President TrumpDonald John TrumpKaine: Obama called Trump a 'fascist' during 2016 campaign Kaine: GOP senators should 'at least' treat Trump trial with seriousness of traffic court Louise Linton, wife of Mnuchin, deletes Instagram post in support of Greta Thunberg MORE said Friday that he will likely support a bipartisan bill, introduced by Sens. Elizabeth WarrenElizabeth Ann WarrenDes Moines Register endorses Elizabeth Warren as Democratic presidential nominee Sanders faces lingering questions about appeal to women voters Sunday shows preview: Lawmakers prepare for week two of impeachment trial MORE (D-Mass.) and Cory GardnerCory Scott GardnerDemocrats feel political momentum swinging to them on impeachment Senate Republicans confident they'll win fight on witnesses Tensions between McConnell and Schumer run high as trial gains momentum MORE (R-Colo.), to allow states to regulate marijuana without federal interference.

"I support Sen. Gardner. I know exactly what he's doing," Trump told reporters. "We're looking at it. But I probably will end up supporting that, yes."

A day earlier, Garner and Warren, who both represent states with legal recreational marijuana, introduced the Strengthening the Tenth Amendment Through Entrusting States Act, in response to increasing opposition toward the substance from Trump's Department of Justice.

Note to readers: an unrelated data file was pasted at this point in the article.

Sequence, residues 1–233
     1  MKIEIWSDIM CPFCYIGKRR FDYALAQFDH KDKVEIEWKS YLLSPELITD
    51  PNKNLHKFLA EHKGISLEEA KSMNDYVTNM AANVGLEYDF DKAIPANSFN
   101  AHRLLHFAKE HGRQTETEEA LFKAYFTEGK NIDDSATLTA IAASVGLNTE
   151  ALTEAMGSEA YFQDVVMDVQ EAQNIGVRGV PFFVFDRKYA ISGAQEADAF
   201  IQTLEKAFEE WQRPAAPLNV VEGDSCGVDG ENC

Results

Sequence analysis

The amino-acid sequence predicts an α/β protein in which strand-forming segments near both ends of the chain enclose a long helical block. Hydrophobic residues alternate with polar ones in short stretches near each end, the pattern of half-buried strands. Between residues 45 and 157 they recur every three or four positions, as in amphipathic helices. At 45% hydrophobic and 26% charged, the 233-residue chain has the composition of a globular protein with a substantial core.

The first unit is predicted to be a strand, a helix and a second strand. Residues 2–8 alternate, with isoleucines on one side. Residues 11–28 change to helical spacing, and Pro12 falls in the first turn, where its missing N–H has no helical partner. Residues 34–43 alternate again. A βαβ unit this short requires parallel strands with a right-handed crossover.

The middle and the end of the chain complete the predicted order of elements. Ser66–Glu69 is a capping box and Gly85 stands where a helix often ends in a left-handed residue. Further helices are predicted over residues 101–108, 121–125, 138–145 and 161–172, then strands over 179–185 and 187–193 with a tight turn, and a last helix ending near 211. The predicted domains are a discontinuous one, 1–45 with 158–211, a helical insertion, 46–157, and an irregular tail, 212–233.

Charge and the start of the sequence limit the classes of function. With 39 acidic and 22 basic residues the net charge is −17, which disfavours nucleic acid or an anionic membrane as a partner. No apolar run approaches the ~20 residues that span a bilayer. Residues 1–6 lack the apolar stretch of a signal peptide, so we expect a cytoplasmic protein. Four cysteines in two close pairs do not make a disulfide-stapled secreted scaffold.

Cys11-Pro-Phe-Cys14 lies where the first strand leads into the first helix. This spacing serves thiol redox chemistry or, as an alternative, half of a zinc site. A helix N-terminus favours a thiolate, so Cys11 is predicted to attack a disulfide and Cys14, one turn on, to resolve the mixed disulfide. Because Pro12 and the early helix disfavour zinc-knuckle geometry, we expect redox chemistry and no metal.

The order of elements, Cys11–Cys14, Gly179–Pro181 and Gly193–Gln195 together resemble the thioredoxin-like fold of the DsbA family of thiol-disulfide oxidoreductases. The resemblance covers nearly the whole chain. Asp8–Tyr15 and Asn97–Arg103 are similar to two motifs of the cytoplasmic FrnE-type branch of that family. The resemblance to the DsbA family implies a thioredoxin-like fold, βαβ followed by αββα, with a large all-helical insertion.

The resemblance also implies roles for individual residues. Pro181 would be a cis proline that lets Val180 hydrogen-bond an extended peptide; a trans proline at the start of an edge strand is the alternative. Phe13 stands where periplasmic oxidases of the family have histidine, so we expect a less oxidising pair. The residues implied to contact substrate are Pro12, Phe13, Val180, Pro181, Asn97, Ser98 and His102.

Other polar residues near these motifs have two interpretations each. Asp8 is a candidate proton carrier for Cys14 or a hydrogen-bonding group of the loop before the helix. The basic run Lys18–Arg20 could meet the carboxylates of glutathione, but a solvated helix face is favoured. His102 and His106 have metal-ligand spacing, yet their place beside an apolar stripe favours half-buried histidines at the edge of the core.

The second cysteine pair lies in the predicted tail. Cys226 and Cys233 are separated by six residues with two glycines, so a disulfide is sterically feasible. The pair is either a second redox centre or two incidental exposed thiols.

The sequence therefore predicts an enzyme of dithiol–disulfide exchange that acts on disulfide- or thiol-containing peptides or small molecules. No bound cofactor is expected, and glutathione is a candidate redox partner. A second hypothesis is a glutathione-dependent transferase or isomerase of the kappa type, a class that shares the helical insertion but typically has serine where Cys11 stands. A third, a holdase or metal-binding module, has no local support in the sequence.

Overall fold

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The bipartisan bill would amend the Controlled Substances Act to include a framework that says it no longer applies to those following state, territory or tribal laws “relating to the manufacture, production, possession, distribution, dispensation, administration, or delivery of [marijuana]."

The two senators announced a partnership on the legislation in April in an effort to hold Trump to his word about favoring a states-rights approach to recreational pot, a position he voiced during the 2016 presidential race.

Attorney General Jeff SessionsJefferson (Jeff) Beauregard SessionsLawmaker wants Chinese news outlet to register as foreign agent Trump-aligned group launches ad campaign hitting Doug Jones on impeachment ICE subpoenas Denver law enforcement: report MORE, a staunch opponent of marijuana legalization, in January rolled back the so-called Cole memo, which ordered U.S. attorneys in states where the substance has been legalized to deprioritize prosecution of marijuana-related cases.

Warren said the goal of the legislation is to “ensure that each state has the right to determine for itself the best approach to marijuana within its borders.”

Medical marijuana is legal in more than two dozen states and recreational marijuana is legal in nine states and Washington, D.C.